Many — on both sides of the political aisle — faulted then-President George W. Bush and his administration for failing to anticipate the “insurgency” which followed our speedy liberation of Iraq in 2003. The same criticisms could be leveled against the incumbent and his team for failing to anticipate the difficulty of ousting Libya’s Moammar Gaddafi. On Friday, blogger Robert Stacy McCain asked if we were losing in Libya:
Scarcely three weeks after the U.S. military launched Operation Odyssey Dawn, the war in Libya is beginning to look like President Obama’s worst failure to date. While official Washington and the political press have been focused on budget negotiations and the prospect of a federal government shutdown, a foreign-policy disaster has been slowly unfolding in the deserts of the North African nation that Col. Moammar Gaddafi has ruled for more than four decades.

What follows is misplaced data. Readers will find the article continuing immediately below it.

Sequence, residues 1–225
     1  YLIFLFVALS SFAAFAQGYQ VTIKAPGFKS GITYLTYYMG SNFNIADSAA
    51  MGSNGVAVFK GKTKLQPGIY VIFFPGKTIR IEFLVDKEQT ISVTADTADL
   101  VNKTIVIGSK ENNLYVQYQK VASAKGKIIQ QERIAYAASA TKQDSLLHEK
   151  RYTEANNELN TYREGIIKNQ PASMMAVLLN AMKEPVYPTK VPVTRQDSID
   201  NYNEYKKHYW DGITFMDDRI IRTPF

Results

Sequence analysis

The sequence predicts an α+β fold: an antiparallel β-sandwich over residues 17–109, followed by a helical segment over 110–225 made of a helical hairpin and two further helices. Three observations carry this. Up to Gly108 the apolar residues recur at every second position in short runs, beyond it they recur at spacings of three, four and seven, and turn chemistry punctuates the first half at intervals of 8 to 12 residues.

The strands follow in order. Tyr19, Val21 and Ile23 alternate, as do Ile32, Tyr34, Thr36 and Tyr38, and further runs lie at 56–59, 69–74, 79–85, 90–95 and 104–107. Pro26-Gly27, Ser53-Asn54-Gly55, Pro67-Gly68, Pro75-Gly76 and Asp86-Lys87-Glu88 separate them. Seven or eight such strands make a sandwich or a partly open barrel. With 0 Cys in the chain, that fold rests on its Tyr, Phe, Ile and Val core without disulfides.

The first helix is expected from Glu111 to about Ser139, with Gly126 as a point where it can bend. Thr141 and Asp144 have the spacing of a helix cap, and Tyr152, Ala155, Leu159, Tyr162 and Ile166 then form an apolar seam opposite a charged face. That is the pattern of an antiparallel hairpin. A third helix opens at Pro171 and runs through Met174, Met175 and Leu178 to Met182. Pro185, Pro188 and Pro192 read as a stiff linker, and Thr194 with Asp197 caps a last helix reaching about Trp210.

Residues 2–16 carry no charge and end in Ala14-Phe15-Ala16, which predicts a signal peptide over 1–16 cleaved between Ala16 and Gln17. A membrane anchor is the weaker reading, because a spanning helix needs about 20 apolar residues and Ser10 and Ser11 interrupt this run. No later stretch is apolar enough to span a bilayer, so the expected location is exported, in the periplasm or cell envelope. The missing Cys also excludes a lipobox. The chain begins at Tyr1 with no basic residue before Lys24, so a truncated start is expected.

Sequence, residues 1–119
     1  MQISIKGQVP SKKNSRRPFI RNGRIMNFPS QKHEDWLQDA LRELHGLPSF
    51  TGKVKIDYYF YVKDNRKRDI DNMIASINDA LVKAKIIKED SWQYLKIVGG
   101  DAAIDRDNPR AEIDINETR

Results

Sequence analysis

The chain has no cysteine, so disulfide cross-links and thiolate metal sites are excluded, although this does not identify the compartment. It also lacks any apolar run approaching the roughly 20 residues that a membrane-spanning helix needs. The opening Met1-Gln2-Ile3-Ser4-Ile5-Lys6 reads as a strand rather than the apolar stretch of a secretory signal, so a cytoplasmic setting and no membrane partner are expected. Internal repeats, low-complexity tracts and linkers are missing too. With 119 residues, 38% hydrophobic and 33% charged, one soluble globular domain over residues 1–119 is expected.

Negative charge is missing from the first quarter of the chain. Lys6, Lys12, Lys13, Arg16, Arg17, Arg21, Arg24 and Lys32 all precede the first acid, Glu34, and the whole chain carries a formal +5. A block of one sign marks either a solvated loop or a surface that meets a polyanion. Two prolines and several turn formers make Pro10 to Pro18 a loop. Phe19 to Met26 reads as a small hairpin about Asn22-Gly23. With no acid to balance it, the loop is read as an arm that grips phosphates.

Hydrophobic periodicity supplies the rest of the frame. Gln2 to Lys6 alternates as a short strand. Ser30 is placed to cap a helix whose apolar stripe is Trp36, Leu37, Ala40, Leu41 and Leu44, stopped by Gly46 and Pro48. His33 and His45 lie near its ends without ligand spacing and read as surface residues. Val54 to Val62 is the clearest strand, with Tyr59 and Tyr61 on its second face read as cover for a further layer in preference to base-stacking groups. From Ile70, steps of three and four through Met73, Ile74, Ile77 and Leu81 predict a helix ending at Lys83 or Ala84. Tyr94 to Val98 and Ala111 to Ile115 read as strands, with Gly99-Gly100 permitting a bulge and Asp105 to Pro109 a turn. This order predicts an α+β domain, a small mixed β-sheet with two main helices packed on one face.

Read the whole thing.
Offering criticisms similar to those this other McCain delineates, George Will wonders at the administration’s “mission meander” in North Africa, “At about this point in foreign policy misadventures, the usual question is: What is Plan B? Today’s question is: What was Plan A?”
It seems almost as if the president believed he didn’t need a plan, but could lead by his presence alone.